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View Full Version : Adding sata drives causes existing drives to be renamed


Tim.Bingham
1st September 2009, 08:50 PM
1) Have shiny new Fedora 11 installation (sda) with 1 extra sata drive (sdb)
2) Fill drive sdb with data
3) Install 2 additional sata drives using free sata ports, don't touch existing ports
4) boot
5) now have sdc and sdd
6) fdisk and mkfs on sdc and sdd
7) where have the files from sdb gone ?
8) RAGE!!!

stoat
1st September 2009, 10:35 PM
There is at least a possibility that the free utility TestDisk can find your original partitions on the affected drive and recover them by reconstructing the partition table. It can work as long as nothing was done to the data in the sectors of those partitions. It shouldn't hurt to try. If Fedora is still working, testdisk is in the Fedora repos and can be yum installed (yum install testdisk). But it is also available in various other versions at the TestDisk web site. I also keep the DOS version handy on a bootable CD.

brunson
1st September 2009, 10:46 PM
This is more of an issue with the standard PC BIOS being a huge piece of crap when it comes to presenting drives to the host OS.

stoat
2nd September 2009, 04:31 AM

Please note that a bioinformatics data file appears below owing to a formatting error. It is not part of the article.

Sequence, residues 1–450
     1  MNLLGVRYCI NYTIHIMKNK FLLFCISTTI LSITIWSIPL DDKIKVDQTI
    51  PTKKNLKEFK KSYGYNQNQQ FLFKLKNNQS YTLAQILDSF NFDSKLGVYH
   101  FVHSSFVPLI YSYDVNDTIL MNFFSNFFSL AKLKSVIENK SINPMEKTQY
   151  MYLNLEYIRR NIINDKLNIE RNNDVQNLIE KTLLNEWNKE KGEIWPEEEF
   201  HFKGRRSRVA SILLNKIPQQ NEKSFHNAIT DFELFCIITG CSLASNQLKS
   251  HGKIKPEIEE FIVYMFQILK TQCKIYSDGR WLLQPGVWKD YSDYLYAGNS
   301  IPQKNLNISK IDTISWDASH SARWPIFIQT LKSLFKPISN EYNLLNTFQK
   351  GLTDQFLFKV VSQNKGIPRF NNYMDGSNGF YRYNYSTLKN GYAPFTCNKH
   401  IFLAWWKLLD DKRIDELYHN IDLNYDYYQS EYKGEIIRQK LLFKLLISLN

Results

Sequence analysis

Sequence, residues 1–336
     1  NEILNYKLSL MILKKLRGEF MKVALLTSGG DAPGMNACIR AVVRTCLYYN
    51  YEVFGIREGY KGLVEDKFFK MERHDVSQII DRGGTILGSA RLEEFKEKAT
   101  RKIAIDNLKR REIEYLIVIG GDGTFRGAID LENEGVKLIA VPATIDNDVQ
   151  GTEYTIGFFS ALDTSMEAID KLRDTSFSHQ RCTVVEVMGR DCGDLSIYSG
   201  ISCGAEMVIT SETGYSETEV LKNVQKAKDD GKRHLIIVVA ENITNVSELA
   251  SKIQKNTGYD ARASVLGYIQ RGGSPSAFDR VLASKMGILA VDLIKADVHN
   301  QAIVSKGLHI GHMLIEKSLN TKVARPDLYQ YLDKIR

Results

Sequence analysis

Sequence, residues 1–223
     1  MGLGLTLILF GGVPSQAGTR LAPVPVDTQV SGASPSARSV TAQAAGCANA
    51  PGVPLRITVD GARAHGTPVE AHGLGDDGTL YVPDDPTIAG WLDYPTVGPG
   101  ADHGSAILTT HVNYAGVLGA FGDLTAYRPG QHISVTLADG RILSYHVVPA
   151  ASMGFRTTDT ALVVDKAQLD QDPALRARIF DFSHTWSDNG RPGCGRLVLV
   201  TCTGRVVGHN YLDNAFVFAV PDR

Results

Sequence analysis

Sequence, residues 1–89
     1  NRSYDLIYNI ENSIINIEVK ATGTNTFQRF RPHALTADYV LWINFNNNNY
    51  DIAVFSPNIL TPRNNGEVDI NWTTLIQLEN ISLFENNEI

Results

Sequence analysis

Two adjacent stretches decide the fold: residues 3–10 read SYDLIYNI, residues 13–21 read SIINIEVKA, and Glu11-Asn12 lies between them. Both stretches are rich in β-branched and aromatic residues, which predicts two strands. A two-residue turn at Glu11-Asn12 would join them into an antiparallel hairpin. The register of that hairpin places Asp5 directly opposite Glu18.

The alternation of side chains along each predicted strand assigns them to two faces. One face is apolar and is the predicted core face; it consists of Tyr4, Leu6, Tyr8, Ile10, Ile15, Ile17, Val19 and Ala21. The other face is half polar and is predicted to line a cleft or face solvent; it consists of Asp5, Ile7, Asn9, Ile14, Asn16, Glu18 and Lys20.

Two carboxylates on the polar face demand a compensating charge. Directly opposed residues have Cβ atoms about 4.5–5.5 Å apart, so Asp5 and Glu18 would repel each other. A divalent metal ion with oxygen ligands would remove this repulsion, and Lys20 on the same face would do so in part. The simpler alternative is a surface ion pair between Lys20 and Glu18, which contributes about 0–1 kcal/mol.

Hello brunson,

You will certainly know more about this than me, so I for one would like it if you or anyone else would talk a little more about how device names are assigned in Linux in general and Fedora in particular. I think everyone now knows that since Fedora 7, IDE and SATA and SCSI drives all use the same libata driver code making them all /dev/sdx. And I think I have read that the device name order is determined by how the operating system discovers them. And to me, that means how the drives are physically connected to the controllers. For example, what if the victim in this case had two drives connected to the 3rd and 4th SATA ports and wasn't using the 1st and 2nd ports until the two new drives were plugged into them. Fedora still booted by using UUIDs instead of device names in /boot/grub/grub.conf and /etc/fstab. But I guess us humans, still clinging to device names, could conceivably botch things up nicely with terminal commands in such a scenario. I guess extreme care and attention is called for when internal drives are added (or removed) until what happened to device names is understood. For external drives, I rely on partition labels to mount those reliably, and I rarely need to do anything to those by device name.

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